Mexico’s Yucatan Peninsula has a lot going for it. Namely, it’s home to Cancun, Cozumel, and Tulum — with their sandy beaches and beautiful resorts.
Unfortunately, the rising number of COVID-19 cases means the entire state of Quintana Roo on the Yucatan Peninsula is high-risk orange on the state’s COVID-19 stoplight map.
With these numbers in mind, Governor Carlos Joaquín wrote on Twitter and posted on other social media on May 14 that, if residents aren’t careful, it is “very probable” that Quintana Roo will switch to maximum-risk red on the state’s stoplight map. If that happens, it would mean “lockdown, closures, and cancellations,” Joaquín wrote.
He then added, “We’re facing a very significant risk.”
We wanted to know what this developing situation means for anyone traveling to — or making plans to travel to — anywhere in Quintana Roo. To get those answers, we consulted with the travel advisors at our partner, SmartFlyer, a full-service luxury travel agency.
Read on for some practical advice from Michael Holtz, founder and CEO of SmartFlyer.
Don’t Skip Insurance
Travel insurance covers unforeseen losses incurred while traveling. Although basic policies typically only cover emergency medical expenses, comprehensive policies may provide coverage for a number of events — most importantly, in these times, unexpected trip cancellation.
A knowledgeable travel advisor can run through insurance options with you to protect your investment. “This step is vital within our current climate where travel regulations can change at any moment,” Holtz says.
Stay Up-To-Date On Testing Requirements
From mask mandates to testing requirements, it seems travel requirements are now changing at lightning speed. It may be challenging to stay up-to-date on requirements, but it is vital to do so. If you are a U.S. citizen traveling overseas, one crucial requirement that cannot be overlooked is this: What is necessary to reenter the U.S. after your trip?
“Top resorts in Mexico are facilitating tests on-property for seamless reentry into the U.S.,” Holtz says. “Be aware that you may incur some additional costs required for testing.”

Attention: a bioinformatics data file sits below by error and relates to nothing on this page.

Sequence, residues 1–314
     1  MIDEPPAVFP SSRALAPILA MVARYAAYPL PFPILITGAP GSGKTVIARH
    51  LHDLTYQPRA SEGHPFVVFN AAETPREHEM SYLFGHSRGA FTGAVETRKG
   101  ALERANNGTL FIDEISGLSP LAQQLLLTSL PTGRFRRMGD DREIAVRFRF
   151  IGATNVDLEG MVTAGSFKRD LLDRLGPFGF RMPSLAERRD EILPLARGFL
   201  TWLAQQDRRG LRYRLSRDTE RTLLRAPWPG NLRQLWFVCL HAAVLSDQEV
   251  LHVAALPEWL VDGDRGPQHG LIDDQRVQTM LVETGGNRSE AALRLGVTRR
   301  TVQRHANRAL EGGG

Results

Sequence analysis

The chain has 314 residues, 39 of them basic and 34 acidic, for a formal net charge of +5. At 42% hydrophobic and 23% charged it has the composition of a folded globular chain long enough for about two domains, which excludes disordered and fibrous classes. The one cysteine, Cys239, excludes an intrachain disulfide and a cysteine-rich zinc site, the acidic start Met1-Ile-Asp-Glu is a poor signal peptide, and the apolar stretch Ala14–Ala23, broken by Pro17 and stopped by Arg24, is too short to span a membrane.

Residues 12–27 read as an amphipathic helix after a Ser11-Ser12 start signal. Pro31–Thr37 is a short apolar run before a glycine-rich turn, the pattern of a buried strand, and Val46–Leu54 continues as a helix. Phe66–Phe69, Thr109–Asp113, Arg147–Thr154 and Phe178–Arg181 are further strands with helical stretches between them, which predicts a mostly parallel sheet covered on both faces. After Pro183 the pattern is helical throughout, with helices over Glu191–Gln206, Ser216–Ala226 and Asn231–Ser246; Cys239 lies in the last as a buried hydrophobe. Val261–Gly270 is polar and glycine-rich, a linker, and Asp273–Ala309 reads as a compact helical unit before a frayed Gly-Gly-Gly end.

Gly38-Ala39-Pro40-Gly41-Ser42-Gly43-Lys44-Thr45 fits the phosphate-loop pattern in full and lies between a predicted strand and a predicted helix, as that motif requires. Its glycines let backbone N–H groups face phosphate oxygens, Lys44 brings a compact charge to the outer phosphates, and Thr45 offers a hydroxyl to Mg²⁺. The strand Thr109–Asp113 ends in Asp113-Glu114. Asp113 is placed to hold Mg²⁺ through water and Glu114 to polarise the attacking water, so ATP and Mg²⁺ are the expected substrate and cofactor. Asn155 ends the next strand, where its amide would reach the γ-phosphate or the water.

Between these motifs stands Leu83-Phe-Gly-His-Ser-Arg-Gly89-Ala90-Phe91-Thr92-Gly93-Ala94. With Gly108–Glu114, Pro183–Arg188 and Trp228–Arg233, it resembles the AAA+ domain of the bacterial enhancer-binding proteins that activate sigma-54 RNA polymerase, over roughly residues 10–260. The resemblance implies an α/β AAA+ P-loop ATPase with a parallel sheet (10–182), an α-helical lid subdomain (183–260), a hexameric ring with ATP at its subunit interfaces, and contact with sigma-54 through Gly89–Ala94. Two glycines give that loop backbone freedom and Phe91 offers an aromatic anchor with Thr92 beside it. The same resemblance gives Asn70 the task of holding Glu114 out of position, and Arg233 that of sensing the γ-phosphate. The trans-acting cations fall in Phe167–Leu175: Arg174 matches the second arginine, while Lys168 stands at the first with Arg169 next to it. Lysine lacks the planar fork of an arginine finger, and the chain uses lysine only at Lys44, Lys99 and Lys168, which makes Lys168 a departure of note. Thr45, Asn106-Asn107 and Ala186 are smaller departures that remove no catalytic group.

Pre-Book On-Property Experiences
If you’re planning a relaxing getaway, the last thing you want to do is worry about details. This is where a knowledgeable travel advisor can help.
“Whether it’s a personal training session, massage, private cooking class, special dinner, or babysitter for the kids so you can sneak away for the evening, getting as many of these elements of your stay pre-booked as possible is critical to a smooth stay,” Holtz says. A knowledgeable travel advisor “can help to coordinate all of these finer touchpoints so you don’t have to stress!”
Be Mindful Of The Weather
Mexico’s Yucatan Peninsula can seem idyllic. On the other hand, it is a coastal area — subject to extreme weather.
“May through August brings both the prospect of hurricane weather to the Gulf of Mexico as well as increased sargassum seaweed [which can wash up on beaches],” Holtz says. “In terms of seaweed, most resorts do an incredible job combing the beach, but it still may be a turn off to those who love to swim in the sea.”
Book Travel With A Knowledgeable Travel Advisor
For the most seamless travel experience, it is crucial to book travel with a knowledgeable advisor. That way, they will be able to “provide tailored recommendations for a resort that best suits your needs — as well as source optimal flights, vetted transfers, and key experiential elements,” Holtz says.
Know Before You Go
The state of Quintana Roo has recorded 25,598 confirmed COVID-19 cases since the beginning of the pandemic, and 2,712 COVID-19 deaths, according to state data. Only around 226,000 of the state’s 1.8 million people have been vaccinated, an Associated Press story reports.
It should be noted that the entire country of Mexico saw a booming increase in tourists in March. Cancun International Airport, for example, reported 692,686 passengers, which was 5 percent more than in 2019 — pre-pandemic, Riviera Maya News explains.
In his statement, Governor Joaquín suggested that increased tourism around Easter played a role in the continued rise of COVID-19 cases.
“We knew that during Easter week there were great risks,” Joaquín said. “We knew that there could be a large number of infections, and, unfortunately, that’s what happened. There is a significant number of infections, and hospital occupancy has increased.”
Mexico is open to travelers, and there isn’t a requirement to provide a negative PCR test or quarantine on arrival. However, the U.S. Embassy explains that a negative viral COVID test or documentation of recovery is required for anyone over the age of two traveling by air to the U.S. — regardless of vaccination status.
It also must be pointed out that the U.S. Centers for Disease Control and Prevention (CDC) classifies Mexico as a Level 4 country with very high levels of COVID-19. The CDC explains that this means “even fully vaccinated travelers may be at risk for getting and spreading COVID-19 variants and should avoid all travel to Mexico.”
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